Work is on course to begin later this year on the installation of the concrete components for the world's longest sunken tube, sited under the Fehmarnbelt strait between Denmark and Germany, now that crews have created the 11-mile tunnel's trench.

With dredging complete of the 260-ft-wide, 33-ft-deep channel, a separate French-led consortium has begun casting the first of the link's 89 concrete sections at Rodbyhavn, at the south end of Denmark's Lolland Island.

With a budget set by the Danish parliament in 2015 at roughly $8 billion, the project is due to replace a ferry with a four-bore tolled fixed link for vehicles and trains, in 2029.

Material ranging from soft clay to limestone blocks weighing up to 70 metric tons, presented "significant challenges" for the dredgers, says Pedro da Silva Jorgensen, technical deputy director of the state's project owner Femern A/S.

To dredge the 530 million cu ft of material for the trench, the Dutch consortium including Royal Boskalis Westminster NV and Van Oord NV deployed some 60 vessels of different types at peak.

femern_tunnel_map_ENR.jpgMap data: GeoBasis-DE/BKG, Go

They included trailing suction hopper and backhoe dredgers, grab dredge pontoons and boulder clearance vessels, according to Bart Propper, the consortium's project director.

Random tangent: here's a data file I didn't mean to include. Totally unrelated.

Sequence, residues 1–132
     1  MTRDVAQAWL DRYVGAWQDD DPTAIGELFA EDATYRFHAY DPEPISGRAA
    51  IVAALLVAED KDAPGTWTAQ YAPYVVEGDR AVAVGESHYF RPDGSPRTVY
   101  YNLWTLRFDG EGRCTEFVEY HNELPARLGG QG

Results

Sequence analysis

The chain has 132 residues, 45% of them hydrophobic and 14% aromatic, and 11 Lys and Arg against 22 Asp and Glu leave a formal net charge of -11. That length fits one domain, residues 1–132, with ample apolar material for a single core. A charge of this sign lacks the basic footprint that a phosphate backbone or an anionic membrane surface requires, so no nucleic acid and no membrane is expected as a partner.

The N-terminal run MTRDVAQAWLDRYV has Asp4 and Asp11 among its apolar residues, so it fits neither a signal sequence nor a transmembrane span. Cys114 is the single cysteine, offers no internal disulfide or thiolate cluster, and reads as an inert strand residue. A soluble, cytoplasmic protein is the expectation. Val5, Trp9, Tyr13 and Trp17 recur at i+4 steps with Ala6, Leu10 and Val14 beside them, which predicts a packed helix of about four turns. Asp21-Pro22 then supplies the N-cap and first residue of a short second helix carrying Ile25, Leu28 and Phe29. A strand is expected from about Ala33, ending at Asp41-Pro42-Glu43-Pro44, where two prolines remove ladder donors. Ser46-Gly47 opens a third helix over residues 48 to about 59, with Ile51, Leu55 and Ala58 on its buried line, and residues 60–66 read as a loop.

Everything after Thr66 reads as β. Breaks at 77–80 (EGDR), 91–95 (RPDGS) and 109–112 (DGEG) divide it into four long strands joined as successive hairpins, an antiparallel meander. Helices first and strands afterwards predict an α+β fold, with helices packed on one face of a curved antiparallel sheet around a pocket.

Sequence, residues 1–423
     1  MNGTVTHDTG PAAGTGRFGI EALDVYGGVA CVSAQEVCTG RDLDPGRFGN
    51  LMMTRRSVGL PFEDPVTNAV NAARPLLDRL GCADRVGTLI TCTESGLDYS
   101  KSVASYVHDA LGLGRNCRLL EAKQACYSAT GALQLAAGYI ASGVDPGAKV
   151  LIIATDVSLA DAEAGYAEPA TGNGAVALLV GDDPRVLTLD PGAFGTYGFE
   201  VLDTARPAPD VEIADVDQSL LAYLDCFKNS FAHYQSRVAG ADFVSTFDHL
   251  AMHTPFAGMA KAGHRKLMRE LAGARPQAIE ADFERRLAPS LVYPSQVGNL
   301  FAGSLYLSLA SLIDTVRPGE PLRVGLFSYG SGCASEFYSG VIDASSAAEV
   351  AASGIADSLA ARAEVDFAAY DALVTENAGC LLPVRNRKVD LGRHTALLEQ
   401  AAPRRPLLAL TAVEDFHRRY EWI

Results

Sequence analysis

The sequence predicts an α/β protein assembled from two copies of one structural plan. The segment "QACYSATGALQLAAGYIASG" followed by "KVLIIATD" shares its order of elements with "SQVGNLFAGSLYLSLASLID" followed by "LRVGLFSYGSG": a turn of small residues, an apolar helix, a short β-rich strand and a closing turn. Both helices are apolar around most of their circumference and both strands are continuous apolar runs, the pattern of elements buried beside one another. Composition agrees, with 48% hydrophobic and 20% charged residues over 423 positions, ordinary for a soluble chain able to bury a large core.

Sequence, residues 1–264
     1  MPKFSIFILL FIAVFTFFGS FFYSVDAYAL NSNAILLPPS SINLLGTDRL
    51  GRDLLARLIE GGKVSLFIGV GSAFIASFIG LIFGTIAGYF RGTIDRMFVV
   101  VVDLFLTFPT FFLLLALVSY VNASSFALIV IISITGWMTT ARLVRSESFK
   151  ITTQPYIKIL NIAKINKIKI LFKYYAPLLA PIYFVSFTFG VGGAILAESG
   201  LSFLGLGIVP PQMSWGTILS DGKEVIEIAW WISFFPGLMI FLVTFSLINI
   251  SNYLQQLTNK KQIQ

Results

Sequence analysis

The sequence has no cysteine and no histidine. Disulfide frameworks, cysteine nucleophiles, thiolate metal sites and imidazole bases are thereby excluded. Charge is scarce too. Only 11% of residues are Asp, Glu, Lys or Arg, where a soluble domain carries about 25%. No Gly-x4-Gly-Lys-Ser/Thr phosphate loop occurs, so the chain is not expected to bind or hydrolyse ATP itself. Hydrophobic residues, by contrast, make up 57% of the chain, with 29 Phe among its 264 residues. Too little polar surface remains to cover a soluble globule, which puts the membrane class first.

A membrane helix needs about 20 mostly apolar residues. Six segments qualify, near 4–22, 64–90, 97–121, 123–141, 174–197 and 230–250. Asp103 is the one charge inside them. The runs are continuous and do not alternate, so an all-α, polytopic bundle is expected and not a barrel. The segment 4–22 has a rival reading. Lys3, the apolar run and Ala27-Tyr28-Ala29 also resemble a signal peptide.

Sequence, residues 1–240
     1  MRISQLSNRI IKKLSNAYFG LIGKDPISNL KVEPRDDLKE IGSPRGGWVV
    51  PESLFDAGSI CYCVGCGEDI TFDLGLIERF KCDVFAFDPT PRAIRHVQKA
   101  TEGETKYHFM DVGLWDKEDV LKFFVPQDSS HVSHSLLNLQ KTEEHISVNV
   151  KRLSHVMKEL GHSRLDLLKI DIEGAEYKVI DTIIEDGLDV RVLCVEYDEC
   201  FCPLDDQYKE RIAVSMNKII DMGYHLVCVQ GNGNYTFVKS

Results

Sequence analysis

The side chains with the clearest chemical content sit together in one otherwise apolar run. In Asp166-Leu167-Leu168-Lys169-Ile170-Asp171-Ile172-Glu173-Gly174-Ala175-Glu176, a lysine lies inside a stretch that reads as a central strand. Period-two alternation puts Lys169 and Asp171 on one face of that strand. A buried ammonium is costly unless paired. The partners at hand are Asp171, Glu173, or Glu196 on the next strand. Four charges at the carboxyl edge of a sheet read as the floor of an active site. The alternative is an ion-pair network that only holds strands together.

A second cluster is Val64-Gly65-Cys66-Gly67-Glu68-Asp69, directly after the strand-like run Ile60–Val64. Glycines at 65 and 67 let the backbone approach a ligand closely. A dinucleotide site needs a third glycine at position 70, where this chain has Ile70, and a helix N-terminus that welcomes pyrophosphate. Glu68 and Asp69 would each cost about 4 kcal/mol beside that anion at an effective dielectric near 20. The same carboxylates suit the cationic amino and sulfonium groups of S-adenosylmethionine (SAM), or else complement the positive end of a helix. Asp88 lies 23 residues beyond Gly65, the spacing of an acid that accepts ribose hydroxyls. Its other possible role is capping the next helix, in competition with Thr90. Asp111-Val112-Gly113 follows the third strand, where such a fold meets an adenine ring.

The team won the $640-million contract provisionally in May 2016, before the project's final go-ahead, and started work four years later.

At the same time, a consortium led by Vinci Grands Projets SAS secured three provisional contracts covering the rest of the work, altogether valued at $3.6 billion.

The focus of that work is at the large facility at Rodbyhavn in Lolland, where the contractor is casting the tunnel elements in six production lines. Five of the lines will produce 79 standard 73,500-metric-ton elements, each 712 ft long, 138 ft wide and 30 ft tall. The sixth line is dedicated to casting the 10 atypical elements containing the technical installations. 

Across the strait on the German island of Fehmarn, a work harbor was completed last summer next to the Puttgarden ferry terminal.